When treatment fails, the clinical outcome of acute leukemia patients is usually very poor, particularly when failure occurs after transplantation. A second allogeneic stem cell transplant could be envisaged as an effective and feasible salvage option in younger patients having a late relapse and an available donor. Unmanipulated or minimally manipulated donor T cells may also be effective in a minority of patients but the main limit remains the induction of severe graft-versus-host disease. This clinical complication has brought about a huge research effort that led to the development of leukemia-specific T-cell therapy aiming at the direct recognition of leukemia-specific rather than minor histocompatibility antigens. Despite a great scientific interest, the clinical feasibility of such an approach has proven to be quite problematic. To overcome this limitation, more research has moved toward the choice of targeting commonly expressed hematopoietic specific antigens by the genetic modification of unselected T cells. The best example of this is represented by the anti-CD19 chimeric antigen receptor (CD19.CAR) T cells. As a possible alternative to the genetic manipulation of unselected T cells, specific T-cell subpopulations with in vivo favorable homing and long-term survival properties have been genetically modified by CAR molecules. Finally, the use of naturally cytotoxic effector cells such as natural killer and cytokine-induced killer cells has been proposed in several clinical trials. The clinical development of these latter cells could also be further expanded by additional genetic modifications using the CAR technology. © 2015 Macmillan Publishers Limited. Source


Topp M.S.,Universitatsklinikum Wurzburg | Gokbuget N.,Goethe University Frankfurt | Stein A.S.,City of Hope | Zugmaier G.,Amgen | And 21 more authors.
The Lancet Oncology | Year: 2015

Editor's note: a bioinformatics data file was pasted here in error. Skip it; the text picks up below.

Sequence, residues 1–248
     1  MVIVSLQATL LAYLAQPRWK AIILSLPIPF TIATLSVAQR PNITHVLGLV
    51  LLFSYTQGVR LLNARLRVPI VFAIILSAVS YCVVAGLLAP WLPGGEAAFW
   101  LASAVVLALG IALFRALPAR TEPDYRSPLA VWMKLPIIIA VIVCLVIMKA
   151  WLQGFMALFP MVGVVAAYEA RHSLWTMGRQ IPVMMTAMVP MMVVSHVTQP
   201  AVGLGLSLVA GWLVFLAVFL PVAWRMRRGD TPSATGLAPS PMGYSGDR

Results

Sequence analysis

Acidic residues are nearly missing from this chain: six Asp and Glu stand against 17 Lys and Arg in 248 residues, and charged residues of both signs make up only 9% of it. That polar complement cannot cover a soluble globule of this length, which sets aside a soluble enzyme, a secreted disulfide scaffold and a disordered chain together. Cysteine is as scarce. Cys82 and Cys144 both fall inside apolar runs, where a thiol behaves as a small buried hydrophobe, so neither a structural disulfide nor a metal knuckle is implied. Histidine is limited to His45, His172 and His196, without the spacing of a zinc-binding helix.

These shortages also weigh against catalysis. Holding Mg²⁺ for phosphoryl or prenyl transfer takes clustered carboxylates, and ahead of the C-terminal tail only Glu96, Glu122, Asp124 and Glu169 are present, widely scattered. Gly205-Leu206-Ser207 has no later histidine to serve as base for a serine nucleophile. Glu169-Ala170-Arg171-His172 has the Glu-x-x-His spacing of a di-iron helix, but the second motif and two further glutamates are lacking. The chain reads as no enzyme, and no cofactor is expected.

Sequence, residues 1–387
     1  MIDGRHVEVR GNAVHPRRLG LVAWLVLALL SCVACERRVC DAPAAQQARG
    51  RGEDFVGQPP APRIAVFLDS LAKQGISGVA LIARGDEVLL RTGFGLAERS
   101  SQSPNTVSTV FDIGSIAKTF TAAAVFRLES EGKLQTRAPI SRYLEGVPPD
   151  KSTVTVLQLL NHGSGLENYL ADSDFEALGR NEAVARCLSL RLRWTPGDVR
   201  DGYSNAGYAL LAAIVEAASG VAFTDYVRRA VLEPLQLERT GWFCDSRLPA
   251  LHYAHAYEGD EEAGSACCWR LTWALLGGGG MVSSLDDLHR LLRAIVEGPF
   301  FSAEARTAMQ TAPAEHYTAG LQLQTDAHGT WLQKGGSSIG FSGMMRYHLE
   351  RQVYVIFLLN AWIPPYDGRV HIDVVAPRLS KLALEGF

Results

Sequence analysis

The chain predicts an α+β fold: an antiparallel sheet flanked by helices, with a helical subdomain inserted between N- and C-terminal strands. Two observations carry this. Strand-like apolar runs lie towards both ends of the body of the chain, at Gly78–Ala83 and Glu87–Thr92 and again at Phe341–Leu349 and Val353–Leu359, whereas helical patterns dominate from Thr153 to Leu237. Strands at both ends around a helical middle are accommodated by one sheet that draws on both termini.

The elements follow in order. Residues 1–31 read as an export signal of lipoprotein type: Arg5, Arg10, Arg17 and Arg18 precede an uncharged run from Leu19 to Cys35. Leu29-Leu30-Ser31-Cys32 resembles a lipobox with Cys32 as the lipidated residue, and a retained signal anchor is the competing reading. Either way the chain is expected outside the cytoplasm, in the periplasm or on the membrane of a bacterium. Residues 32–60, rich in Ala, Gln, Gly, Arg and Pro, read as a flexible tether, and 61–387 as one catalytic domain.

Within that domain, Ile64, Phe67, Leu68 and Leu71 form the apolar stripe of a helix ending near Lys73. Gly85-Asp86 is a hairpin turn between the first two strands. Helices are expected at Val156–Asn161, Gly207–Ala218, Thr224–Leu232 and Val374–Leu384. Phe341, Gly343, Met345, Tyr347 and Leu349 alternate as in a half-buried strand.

Background: Adults with relapsed or refractory B-precursor acute lymphoblastic leukaemia have an unfavourable prognosis. Blinatumomab is a bispecific T-cell engager antibody construct targeting CD19, an antigen consistently expressed on B-lineage acute lymphoblastic leukaemia cells. We aimed to confirm the activity and safety profile of blinatumomab for acute lymphoblastic leukaemia. Methods: In a multicentre, single-arm, open-label phase 2 study, we enrolled adult patients with Philadelphia-chromosome-negative, primary refractory or relapsed (first relapse within 12 months of first remission, relapse within 12 months after allogeneic haemopoietic stem-cell transplantation [HSCT], or no response to or relapse after first salvage therapy or beyond) leukaemia. Patients received blinatumomab (9 μg/day for the first 7 days and 28 μg/day thereafter) by continuous intravenous infusion over 4 weeks every 6 weeks (up to five cycles), per protocol. The primary endpoint was complete remission (CR) or CR with partial haematological recovery of peripheral blood counts (CRh) within the first two cycles. Analysis was by intention to treat. This trial is registered at ClinicalTrials.gov, number NCT01466179. Findings: Between Jan 13, 2012, and Oct 10, 2013, 189 patients were enrolled and treated with blinatumomab. After two cycles, 81 (43%, 95% CI 36-50) patients had achieved a CR or CRh: 63 (33%) patients had a CR and 18 (10%) patients had a CRh. 32 (40%) of patients who achieved CR/CRh underwent subsequent allogeneic HSCT. The most frequent grade 3 or worse adverse events were febrile neutropenia (48 patients, 25%), neutropenia (30 patients, 16%), and anaemia (27 patients, 14%). Three (2%) patients had grade 3 cytokine release syndrome. Neurologic events of worst grade 3 or 4 occurred in 20 (11%) and four (2%) patients, respectively. Three deaths (due to sepsis, Escherichia coli sepsis, and Candida infection) were thought to be treatment-related by the investigators. Interpretation: Single-agent blinatumomab showed antileukaemia activity in adult patients with relapsed or refractory B-precursor acute lymphoblastic leukaemia characterised by negative prognostic factors. Further assessment of blinatumomab treatment earlier in the course of the disease and in combination with other treatment approaches is warranted. © 2015 Elsevier Ltd. Source